After so many early starts what with driving to Melbourne and boarding the Spirit of Tasmania, we slept in past midday on our first full day in Tasmania and decided to have an easy day and stay local. We are staying with friends in bushland outside Devonport most of the time. Therefore, a 30 minute drive to nearby Penguin made sense.
Yet, for us, Penguin is so much more than a tourist destination, or random spot on the map.
Geoff’s father was born and raised in Penguin. He was born in the late 20s and much of his childhood was during the Depression. Obviously, times for most were incredibly tough. However,their struggles were seriously compounded when his mother died when he was only 9. That’s dreadful for any kid but his father was often away for work, leaving the two boys to pretty much fend for themselves. I can’t even begin to understand what this was like, but my father-in-law was always a cautious man. Not that I ever met him. He passed away when my husband was 16.
So, our trip to Penguin was much more of a pilgrimage. It was a heartfelt effort to do the very best we could to put ourselves into his father’s shoes and walk with him for a bit.
Of course, this “we” also included our kids. This young boy grieving for his dead mother, was their grandfather. While they’ll never be able to know him, go fishing, do the things you do with grandparents, we at least wanted them to have a sense of him. For them to know, that he was just as real as you and I and should never be left out of our story simply because he left too soon.
Not unsurprisingly, when it came to retracing the family’s steps, we had so little to go on. An address where they used to live up the West end of town, which we found out is called Mission Hill. They farmed up there and that’s apparently where Geoff’s uncle was bitten by a deadly snake and his Dad had to get him to safety. I don’t know if his views on snakes were defined by that moment. However, I’ve been told that he was renowned for saying: “the only good snake is a dead snake!”
Unfortunately, the houses on Mission Hill have been cleared and new housing has taken its place.
However, we stopped in at the Visitors’ Centre asking about where they lived after leaving the farm, when times got really tough after Geoff’s grandmother’s death. Apparently, they lived above a bakery. Fortunately, there was only one option there and we were put onto HG Brown’s old bakery. Apparently, it was rebuilt in 1912 after a fire destroyed the bakery in 1911. A homeware’s shop is now located on the ground floor. They were lovely letting us take photos and as I was sticking my camera lens down the side of the building, the guy living upstairs introduced himself and I asked if we could have a look. He agreed and I can’t tell you what that meant to us. We were so stoked. Overjoyed to actually get inside where Geoff’s Dad had once lived. Indeed, our son said it was one of the best things he’d done on our first days here.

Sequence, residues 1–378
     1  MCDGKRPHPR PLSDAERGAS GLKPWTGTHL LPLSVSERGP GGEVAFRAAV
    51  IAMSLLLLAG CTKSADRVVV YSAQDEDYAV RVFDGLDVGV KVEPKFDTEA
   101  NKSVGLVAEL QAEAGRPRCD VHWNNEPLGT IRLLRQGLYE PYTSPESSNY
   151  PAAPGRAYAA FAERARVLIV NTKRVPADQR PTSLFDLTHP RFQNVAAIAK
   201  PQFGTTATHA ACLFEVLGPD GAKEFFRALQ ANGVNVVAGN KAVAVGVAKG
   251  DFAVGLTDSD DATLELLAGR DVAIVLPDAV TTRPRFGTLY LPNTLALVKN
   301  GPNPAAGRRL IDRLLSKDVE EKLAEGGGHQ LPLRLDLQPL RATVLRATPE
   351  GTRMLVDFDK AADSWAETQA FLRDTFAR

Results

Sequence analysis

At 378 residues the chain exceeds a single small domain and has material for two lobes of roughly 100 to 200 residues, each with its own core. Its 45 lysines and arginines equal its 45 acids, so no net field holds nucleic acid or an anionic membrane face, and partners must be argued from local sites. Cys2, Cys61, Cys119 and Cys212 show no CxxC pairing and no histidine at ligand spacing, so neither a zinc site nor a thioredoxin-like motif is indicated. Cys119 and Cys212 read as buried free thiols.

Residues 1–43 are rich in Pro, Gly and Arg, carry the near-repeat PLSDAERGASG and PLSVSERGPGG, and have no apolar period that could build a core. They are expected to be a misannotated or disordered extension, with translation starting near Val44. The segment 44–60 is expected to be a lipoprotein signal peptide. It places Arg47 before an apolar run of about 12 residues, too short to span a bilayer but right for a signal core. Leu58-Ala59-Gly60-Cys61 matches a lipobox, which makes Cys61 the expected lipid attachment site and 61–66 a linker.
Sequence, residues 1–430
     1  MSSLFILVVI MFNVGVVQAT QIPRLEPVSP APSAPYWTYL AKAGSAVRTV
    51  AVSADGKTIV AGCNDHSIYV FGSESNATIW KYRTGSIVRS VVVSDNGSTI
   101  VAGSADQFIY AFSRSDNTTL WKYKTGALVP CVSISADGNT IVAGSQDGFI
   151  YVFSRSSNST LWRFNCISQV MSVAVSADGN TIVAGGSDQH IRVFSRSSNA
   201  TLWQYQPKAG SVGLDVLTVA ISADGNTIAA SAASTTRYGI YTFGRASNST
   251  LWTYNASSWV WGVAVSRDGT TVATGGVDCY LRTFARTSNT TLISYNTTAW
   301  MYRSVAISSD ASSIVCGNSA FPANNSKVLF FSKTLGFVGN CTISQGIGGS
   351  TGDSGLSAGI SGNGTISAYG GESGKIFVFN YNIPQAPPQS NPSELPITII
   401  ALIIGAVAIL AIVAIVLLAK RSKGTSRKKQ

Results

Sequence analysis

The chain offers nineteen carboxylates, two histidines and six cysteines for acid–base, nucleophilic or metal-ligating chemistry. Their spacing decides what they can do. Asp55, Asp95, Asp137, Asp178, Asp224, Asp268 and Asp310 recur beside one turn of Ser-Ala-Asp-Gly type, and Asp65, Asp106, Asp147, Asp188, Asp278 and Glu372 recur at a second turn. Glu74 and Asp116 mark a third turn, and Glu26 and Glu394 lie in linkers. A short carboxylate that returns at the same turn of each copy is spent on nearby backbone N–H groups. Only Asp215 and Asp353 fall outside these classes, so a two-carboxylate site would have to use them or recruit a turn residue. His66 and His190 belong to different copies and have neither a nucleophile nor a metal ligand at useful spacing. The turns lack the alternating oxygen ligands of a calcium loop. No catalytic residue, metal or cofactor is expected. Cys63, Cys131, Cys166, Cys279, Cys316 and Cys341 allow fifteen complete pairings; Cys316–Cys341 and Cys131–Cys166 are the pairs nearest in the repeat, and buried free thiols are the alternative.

I had quite a heavy heart walking around Penguin. We crossed what has become a rather omnipresent railway track and went onto the beach. Our son climbed a huge rock projecting out of the sand and then we headed over to the rocky point.
This is when I switched gears entirely and turned on my photographic eyes and started viewing the rocks in 6 x 4. All my senses switched on and I was on full alert. There were these rugged, black, basalt boulders protruding out of the sand, many painted with bright orange algae. It was so WOW!!! The shots were fantastic!
At some point through all of this, we took the kids to the Penguin lolly shop. It was like they’d been lured away by the pied piper. It was a great place where they could fill a plastic cup up with lollies… the sensational Jersey Caramels being their faves.
Given our late start, it wasn’t long before we were thinking about dinner. We ended up buying fish and chips. They were really good, although I was struck by the colour. The batter was bright orange and I’ve never seen batter that colour before. We have since had discussions about what makes it orange, considering such things as the type of flour, perhaps a different type of beer. I later found out that many of the fish and chip places around here add orange food colouring to the batter. They also mentioned they can accidentally add too much food and it goes a really bright orange. We avoid colours so wasn’t real happy about that but I survive. Didn’t get too OTT.
As we went to go home, we realized that we’d almost left Penguin without taking our obligatory photo with the fake Penguin. I swear this Penguin looks like he’s had way too much caffeine, drugs or something. Definitely looks odd!
I’d definitely recommend a day in Penguin with its friendly locals, great food and stunning coastal scenery.
Tomorrow, we head for Penguin’s Ferndene and a drive West to Wynyard.
PS While we’ve been enjoying lovely mild Summer temperatures down here, Sydney is sweltering at around 40ºC. Our houseminders have been taking particularly good care of our dogs and we’re so grateful!